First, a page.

It’s an empty award

by David Pruett

Cam Newton, Carson Palmer, Tom Brady, Ben Roethlisberger, Aaron Rodgers, Teddy Bridgewater, Derek Carr, Eli Manning, Tyrod Taylor, Jameis Winston, Russell Wilson. 11 Quarterbacks – more than a third of the leagues starters – are able to call themselves Pro Bowlers this year. By what measure does that constitute the ‘elite’ at the position? How are we supposed to separate the ‘great’ from the ‘mediocre’ when we are feting so many players? In total 42 players were this year selected to the Pro Bowl and will not participate – meaning 42 players that did not get elected to the game initially will receive the ‘honour’. The Pro Bowl is broken, and what makes it worse is that we use the ‘Pro Bowl’ distinction when it comes to discussing a player’s legacy. Whenever we debate a players credentials for the Hall of Fame the number of Pro Bowls is always a topic of conversation. Looking at it this year, which is not atypical of recent rosters, being in the top third of QBs in the league is not a pillar on which a HoF resume should stand. Further, the nature of the voting and the roster makeup at certain positions shows that the game doesn’t showcase the best players in the NFL. Right Tackles, Strong Safeties and 4-3 Outside Linebackers are almost always under-represented in the game due to the voting structure. Take the Outside Linebacker position specifically – players like Demarcus Ware, Justin Houston and Julius Peppers rush the passer on approximately 90% of their snaps leading to a disproportionate number of sacks when compared to ‘upright’ Linebackers such as Lavonte David (who has mercifully been selected this season having been criminally overlooked previously). When it comes to fan voting sack numbers are valued so highly that the pass rushing OLB are over voted based on production in that area. This contributes to the game itself being a terrible exhibition of football as the ban on blitzing Linebackers leads to players like Peppers playing all their snaps in coverage where they are horribly exposed. In summation – the Pro Bowl is no longer fit for purpose as a celebration of the ‘best’ of the NFL, nor a differentiator that should be considered in contract negotiations or in Hall of Fame discussion.  

The Pro Bowl is fine as it is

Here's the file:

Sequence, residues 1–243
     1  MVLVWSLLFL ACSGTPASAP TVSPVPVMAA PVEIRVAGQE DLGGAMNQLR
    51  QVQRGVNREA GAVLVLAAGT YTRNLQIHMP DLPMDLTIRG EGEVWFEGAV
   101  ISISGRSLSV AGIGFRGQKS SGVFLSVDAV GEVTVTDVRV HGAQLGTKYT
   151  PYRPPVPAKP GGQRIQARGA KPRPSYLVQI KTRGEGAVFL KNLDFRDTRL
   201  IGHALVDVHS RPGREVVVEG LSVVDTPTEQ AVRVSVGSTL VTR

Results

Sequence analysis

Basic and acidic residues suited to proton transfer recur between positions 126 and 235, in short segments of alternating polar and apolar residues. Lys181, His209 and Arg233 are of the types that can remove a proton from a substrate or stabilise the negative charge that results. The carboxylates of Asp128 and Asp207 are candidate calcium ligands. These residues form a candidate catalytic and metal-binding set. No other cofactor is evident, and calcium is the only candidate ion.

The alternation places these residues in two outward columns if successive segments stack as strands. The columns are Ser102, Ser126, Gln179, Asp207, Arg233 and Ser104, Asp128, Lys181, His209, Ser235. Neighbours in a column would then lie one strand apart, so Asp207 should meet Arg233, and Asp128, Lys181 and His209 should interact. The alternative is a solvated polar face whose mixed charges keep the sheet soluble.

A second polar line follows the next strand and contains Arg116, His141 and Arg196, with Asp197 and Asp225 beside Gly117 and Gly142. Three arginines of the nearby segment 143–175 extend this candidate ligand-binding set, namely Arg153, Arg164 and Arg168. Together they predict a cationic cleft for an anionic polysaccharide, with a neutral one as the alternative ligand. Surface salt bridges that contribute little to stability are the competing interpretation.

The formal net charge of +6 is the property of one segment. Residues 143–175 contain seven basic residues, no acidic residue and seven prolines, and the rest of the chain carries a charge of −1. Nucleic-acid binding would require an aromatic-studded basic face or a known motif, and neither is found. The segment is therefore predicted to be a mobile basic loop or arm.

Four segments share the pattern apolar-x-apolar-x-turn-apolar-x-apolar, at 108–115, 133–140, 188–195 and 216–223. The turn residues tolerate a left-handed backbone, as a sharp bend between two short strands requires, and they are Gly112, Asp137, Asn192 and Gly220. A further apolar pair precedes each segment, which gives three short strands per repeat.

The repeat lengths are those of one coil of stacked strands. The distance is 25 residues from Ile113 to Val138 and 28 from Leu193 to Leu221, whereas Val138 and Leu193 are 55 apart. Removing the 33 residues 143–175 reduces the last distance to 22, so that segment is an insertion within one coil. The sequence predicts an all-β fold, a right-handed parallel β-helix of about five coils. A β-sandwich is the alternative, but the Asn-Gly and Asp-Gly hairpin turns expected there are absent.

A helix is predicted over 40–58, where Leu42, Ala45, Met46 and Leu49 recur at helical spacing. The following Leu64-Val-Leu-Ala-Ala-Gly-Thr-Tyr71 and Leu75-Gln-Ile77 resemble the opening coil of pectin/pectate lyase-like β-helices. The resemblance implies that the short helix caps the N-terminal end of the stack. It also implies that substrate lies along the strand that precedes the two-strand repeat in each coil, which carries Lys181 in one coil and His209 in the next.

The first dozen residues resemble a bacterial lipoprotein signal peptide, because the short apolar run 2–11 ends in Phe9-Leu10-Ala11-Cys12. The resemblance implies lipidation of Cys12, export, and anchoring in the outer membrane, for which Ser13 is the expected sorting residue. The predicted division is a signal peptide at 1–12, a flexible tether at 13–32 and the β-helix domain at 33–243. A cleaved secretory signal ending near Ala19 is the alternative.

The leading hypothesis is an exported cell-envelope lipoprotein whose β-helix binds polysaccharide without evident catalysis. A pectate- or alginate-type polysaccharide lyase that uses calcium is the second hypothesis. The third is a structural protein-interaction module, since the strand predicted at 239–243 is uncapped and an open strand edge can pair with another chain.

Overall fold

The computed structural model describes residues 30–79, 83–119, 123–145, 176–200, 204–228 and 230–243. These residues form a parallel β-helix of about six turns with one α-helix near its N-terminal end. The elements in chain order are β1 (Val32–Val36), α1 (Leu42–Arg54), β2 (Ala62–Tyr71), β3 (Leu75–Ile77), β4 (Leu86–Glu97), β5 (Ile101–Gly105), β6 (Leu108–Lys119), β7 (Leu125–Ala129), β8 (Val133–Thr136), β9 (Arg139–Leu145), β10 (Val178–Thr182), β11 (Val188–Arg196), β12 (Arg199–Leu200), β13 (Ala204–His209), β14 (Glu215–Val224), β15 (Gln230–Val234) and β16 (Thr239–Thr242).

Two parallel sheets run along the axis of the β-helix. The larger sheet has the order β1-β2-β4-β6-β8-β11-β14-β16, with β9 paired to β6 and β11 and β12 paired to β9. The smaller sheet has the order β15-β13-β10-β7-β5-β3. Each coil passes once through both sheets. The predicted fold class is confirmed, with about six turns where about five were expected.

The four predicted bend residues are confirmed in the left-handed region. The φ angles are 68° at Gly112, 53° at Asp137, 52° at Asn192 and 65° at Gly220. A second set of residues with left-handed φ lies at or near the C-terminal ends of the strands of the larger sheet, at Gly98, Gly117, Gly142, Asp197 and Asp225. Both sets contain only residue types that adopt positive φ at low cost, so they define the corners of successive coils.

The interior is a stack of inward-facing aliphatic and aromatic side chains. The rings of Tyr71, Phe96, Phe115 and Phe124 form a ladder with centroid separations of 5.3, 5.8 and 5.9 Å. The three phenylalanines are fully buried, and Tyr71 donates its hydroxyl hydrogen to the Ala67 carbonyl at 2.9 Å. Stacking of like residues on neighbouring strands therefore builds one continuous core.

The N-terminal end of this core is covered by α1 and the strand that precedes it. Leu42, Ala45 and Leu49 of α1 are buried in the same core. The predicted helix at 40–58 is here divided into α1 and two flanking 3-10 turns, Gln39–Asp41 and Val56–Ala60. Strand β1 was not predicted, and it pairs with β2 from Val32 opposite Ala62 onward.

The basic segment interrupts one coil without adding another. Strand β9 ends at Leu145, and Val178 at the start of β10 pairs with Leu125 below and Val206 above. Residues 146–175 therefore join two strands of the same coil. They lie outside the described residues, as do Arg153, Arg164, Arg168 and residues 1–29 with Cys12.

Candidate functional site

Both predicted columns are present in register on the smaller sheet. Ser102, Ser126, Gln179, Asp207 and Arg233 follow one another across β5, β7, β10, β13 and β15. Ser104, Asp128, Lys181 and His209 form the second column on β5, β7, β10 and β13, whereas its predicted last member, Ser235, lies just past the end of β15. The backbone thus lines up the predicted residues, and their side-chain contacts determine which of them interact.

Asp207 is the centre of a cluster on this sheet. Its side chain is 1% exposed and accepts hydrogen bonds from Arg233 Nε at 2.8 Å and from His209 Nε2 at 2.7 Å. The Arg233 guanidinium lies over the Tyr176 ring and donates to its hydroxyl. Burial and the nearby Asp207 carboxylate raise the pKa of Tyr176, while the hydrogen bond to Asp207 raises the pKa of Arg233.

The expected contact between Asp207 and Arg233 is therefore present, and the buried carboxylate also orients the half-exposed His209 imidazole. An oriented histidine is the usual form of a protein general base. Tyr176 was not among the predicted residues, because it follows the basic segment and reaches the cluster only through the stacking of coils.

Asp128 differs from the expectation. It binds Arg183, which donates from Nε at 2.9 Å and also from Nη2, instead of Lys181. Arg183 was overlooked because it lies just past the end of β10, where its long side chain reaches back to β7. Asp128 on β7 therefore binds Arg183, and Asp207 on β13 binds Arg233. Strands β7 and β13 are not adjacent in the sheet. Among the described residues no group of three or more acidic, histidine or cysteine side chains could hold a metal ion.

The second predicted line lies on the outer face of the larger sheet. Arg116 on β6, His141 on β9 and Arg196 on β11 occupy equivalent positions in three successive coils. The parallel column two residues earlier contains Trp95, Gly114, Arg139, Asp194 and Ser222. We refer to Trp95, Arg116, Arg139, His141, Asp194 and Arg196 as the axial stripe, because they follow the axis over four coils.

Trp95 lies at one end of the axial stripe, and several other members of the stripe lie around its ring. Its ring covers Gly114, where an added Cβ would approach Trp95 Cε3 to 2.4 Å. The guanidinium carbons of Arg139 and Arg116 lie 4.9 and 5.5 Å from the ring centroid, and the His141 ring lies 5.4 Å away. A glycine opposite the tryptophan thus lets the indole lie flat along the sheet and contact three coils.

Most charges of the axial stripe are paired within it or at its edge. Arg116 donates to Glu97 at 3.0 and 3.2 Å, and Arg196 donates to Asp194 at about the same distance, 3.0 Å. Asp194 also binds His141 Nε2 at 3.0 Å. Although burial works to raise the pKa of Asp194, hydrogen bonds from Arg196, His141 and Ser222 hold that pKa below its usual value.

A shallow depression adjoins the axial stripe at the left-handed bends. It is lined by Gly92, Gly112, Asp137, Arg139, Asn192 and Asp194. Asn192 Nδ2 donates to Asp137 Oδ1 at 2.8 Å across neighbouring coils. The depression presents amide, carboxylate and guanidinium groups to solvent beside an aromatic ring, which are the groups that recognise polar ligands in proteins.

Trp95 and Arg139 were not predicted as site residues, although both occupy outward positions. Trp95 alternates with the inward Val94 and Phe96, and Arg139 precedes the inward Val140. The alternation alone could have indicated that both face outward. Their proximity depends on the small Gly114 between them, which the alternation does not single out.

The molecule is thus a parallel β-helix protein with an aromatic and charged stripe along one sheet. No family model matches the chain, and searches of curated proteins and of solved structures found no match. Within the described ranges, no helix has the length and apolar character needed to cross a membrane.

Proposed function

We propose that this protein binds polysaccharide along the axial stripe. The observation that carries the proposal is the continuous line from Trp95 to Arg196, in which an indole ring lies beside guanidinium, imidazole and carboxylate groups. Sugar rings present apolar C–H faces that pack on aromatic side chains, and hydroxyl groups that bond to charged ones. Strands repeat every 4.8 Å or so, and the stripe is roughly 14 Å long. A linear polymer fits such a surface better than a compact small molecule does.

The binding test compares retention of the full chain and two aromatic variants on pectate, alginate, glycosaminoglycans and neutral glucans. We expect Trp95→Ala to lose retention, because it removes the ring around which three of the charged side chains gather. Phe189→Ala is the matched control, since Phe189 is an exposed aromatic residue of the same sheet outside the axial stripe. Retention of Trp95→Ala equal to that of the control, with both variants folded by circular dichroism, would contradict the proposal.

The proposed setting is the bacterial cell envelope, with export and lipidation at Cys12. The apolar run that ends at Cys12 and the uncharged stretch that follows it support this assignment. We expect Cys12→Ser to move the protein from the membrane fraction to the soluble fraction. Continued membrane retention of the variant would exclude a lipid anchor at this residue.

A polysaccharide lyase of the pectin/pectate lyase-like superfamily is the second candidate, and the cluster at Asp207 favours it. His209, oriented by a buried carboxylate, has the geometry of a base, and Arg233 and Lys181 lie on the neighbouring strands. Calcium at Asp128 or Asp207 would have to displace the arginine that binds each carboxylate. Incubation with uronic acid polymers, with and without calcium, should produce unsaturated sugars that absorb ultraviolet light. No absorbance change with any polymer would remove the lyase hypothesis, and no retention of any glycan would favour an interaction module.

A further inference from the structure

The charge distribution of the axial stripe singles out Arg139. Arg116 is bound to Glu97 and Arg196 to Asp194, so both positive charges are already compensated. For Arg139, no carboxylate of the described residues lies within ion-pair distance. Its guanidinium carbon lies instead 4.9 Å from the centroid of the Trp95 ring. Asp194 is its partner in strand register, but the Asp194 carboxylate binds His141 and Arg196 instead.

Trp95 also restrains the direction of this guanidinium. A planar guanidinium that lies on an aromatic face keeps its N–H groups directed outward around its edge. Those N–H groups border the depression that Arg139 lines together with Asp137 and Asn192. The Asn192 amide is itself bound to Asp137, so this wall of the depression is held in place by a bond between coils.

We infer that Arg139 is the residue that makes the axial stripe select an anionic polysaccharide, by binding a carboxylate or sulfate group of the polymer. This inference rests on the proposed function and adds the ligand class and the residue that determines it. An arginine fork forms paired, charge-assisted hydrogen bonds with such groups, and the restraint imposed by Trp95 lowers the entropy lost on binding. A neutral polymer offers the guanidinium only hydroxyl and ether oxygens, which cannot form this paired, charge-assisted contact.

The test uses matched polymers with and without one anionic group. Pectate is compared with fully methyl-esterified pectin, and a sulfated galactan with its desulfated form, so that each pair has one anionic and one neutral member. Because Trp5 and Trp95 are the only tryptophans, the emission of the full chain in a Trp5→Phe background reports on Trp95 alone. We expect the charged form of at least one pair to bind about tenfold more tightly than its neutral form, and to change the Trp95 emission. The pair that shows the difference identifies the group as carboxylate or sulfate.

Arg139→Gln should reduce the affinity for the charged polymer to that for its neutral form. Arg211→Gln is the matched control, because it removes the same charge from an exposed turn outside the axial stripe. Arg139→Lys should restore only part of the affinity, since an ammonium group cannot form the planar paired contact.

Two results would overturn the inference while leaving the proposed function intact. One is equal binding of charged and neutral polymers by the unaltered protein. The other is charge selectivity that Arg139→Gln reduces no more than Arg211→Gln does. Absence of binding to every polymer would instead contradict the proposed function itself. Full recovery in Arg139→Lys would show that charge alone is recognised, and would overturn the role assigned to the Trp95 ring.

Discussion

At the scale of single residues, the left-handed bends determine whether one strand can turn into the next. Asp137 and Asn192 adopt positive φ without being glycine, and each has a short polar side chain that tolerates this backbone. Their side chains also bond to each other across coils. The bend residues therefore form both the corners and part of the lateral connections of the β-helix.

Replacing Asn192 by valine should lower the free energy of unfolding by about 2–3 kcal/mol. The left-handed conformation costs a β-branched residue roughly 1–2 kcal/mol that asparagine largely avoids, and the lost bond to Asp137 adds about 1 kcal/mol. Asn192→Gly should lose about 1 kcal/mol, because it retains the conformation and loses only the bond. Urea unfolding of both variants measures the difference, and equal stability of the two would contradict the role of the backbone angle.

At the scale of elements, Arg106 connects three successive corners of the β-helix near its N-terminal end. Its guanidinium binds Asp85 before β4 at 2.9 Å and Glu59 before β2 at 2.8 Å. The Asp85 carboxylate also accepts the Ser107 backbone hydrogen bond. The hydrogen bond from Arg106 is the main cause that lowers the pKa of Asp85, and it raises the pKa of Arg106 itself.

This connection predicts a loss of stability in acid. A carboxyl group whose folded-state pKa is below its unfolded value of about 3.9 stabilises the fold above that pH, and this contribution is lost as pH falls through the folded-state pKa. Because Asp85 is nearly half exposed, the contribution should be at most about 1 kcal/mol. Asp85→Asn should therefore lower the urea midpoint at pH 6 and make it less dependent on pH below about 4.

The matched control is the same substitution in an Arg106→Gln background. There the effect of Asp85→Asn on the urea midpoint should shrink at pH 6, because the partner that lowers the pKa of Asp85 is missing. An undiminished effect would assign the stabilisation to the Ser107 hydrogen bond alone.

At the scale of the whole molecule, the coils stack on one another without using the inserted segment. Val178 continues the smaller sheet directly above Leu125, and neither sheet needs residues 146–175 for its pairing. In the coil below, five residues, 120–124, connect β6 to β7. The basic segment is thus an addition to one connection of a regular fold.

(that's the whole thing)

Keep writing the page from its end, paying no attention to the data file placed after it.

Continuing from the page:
by Remy Cabache

The Pro Bowl has been a staple of the NFL’s post-season schedule since 1951 and it has seen multiple formats since an NFL All-Star game was conceived in 1938. Of all of the formats, the current one offers something truly unique in the world of All-Star games so why change it or remove it? In 2012 the Pro Bowl was a shambles. The players were not bothered, the game was a ridiculous spectacle and the fans who forked how hundreds of dollars to go to Hawaii to see this game were thoroughly disappointed. So the NFL made a change and for the last 2 years the Pro Bowl has been revitalised. First things first, the game being unconferenced has added a completely new dynamic to the Pro Bowl, as evidenced by Derrick Johnson and Jamaal Charles in the 2014 Pro Bowl. Having teammates face off against each other and rivals play together makes the game far more enticing to more fair-weather fans. Next, the Pro Bowl Draft that comes with the game being unconferenced is a great. The NFL Draft is one of the biggest events of the year and millions of fans tune in for that, so to add another Draft to the NFL schedule is no-brainer. The whole event is a lot more informal and a lot more entertainment based than actual draft, too, so that in itself is reason to watch. Finally, with the game being unconferenced the ghastly AFC and NFC uniforms have been replaced by the vibrant and exciting uniforms straight from the fantasy department at Nike. The uniforms have all been completely unique and add to the whole experience of the game. The extra profit the NFL makes from these jerseys cannot be ignored either. This all brings me back to my original point: the MLB, NBA, NHL nor any other sporting association offer anything similar to this, so how about we keep it as it is, and enjoy the Pro Bowl for what it ultimately is; a bit of fun.  

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RealSport Roundtable: Does the NFL need to change the Pro Bowl?